Yes, I'd use the Divergence Theorem, obtaining

∫∫∫ (z + 0 + 2z) dV = ∫∫∫ 3z dV.

The region of integration is best expressed in cylindrical coordinates:

∫(θ = 0 to 2π) ∫(r = 0 to 2) ∫(z = 0 to 4 - r²) 3z * (r dz dr dθ)

= 2π ∫(r = 0 to 2) (3/2)rz² {for z = 0 to 4 - r²} dr

= 3π ∫(r = 0 to 2) r(4 - r²)² dr

= 3π ∫(w = 4 to 0) w² dw/(-2), letting w = 4 - r², dw = -2r dr

= (3π/2) ∫(w = 0 to 4) w² dw

= (π/2)w³ {for w = 0 to 4}

= 32π.

I hope this helps!

# Please help with Calc III, Divergence Theorem question...will award best answer. "Use the Divergence Theorem to calculate the net outward...?

Use the Divergence Theorem to calculate the net outward of the vector field F = <xz, z, z^2> across the surface S that is the union of the parabaloid z = 4 - x^2 - y^2 for z>= 0 and the disk x^2 + y^2 <= 4 on the xy plane.

So the divergence theorem is ∬(over S) F dot n dS = ∭(over D) ∇ dot F dV where n is the outward unit normal vector on S.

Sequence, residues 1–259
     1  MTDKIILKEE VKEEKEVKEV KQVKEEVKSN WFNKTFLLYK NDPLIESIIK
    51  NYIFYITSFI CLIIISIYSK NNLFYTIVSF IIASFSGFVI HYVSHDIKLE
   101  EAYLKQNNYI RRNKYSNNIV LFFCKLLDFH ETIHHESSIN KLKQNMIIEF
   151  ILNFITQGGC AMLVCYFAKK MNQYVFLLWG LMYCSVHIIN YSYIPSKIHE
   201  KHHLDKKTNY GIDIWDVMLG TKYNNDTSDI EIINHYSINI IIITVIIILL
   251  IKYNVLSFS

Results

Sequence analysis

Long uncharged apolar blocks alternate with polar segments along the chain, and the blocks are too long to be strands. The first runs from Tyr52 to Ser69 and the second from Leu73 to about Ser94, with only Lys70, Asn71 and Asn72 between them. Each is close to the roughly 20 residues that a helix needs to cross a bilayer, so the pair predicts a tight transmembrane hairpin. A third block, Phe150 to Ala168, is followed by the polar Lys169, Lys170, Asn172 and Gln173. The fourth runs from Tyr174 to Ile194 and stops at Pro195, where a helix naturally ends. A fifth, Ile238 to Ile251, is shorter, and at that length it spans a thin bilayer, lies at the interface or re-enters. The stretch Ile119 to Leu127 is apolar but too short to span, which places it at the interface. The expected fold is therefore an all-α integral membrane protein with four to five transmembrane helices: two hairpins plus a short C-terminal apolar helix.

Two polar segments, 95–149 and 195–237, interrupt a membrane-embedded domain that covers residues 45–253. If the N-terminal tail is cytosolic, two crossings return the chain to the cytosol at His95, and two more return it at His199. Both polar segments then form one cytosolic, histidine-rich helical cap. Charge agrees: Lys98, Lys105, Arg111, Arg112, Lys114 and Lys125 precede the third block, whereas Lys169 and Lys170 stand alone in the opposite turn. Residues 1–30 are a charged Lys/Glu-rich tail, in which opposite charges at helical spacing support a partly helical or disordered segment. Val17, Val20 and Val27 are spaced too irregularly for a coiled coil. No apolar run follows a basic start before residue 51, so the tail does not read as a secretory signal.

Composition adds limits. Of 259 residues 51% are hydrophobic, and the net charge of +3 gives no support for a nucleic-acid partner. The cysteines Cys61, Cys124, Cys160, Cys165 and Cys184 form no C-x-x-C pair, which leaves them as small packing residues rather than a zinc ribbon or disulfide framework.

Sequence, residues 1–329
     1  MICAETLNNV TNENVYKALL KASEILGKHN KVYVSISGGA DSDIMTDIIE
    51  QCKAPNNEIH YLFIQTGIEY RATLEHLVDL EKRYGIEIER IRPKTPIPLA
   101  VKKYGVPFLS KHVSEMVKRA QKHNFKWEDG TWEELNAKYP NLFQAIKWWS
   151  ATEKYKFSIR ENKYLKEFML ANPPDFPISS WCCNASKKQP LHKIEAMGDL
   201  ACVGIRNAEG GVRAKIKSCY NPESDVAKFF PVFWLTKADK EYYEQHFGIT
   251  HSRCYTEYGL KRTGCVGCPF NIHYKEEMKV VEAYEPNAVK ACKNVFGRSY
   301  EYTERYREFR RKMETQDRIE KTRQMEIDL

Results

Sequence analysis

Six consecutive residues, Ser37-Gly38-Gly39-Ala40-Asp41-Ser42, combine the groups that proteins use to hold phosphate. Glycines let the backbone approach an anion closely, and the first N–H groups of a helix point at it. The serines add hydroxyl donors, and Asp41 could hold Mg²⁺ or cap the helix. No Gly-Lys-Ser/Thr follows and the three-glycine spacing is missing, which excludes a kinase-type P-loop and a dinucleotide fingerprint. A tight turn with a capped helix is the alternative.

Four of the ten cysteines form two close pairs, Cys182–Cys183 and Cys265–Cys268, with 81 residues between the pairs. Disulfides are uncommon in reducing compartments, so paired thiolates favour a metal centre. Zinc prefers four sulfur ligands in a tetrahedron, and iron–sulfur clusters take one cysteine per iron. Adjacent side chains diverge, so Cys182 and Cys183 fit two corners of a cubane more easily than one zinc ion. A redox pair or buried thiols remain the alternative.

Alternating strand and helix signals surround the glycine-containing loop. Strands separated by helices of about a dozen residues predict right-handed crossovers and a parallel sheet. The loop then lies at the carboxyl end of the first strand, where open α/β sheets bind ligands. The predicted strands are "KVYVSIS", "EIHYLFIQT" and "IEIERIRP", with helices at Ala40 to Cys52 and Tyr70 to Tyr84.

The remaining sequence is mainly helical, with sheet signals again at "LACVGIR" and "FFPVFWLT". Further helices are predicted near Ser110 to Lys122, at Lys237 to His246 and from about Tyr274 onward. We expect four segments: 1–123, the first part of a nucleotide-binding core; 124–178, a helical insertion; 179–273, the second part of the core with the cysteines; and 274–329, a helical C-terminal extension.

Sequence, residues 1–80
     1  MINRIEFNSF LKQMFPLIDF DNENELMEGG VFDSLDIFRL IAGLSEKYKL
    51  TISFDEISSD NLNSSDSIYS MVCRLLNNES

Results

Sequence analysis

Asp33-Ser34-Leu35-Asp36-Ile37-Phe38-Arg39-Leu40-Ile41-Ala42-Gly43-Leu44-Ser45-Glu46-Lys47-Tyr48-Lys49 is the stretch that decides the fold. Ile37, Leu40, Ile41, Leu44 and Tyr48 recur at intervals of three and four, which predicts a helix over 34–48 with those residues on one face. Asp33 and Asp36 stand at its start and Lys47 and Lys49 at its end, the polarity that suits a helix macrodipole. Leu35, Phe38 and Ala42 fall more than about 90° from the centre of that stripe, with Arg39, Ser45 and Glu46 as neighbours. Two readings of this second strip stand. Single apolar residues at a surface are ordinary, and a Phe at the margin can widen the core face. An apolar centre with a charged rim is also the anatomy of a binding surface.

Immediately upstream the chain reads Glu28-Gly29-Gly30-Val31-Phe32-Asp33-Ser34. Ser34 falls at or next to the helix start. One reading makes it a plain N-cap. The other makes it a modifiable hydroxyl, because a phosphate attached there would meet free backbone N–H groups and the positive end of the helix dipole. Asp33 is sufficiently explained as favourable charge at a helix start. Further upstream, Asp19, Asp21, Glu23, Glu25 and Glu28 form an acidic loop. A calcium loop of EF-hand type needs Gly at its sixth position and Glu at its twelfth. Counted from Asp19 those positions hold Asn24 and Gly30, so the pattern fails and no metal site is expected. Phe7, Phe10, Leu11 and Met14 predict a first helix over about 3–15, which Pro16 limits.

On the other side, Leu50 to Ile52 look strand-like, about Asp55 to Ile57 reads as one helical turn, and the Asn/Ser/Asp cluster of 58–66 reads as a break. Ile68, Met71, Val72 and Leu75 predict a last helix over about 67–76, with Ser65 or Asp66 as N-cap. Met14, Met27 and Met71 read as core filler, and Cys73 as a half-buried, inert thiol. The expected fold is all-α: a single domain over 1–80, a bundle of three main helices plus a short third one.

if i use the "volume * the ∇F form...my ∇F = < z, 0, 2z>...but then how would i evaluate that over the volume?

Would it be more convenient to use the F dot n form? ...how would you then find the normal vector?

Thanks for any help...I will award best answer and really appreciate the time

So the divergence theorem is ∬(over S) F dot n dS = ∭(over D) ∇ dot F dV where n is the outward unit normal vector on S.

if i use the "volume * the ∇F form...my ∇F = < z, 0, 2z>...but then how would i evaluate that over the volume?

Would it be more convenient to use the F dot n form? ...how would you then find the normal vector?

Thanks for any help...I will award best answer and really appreciate the time

## 1 Answers

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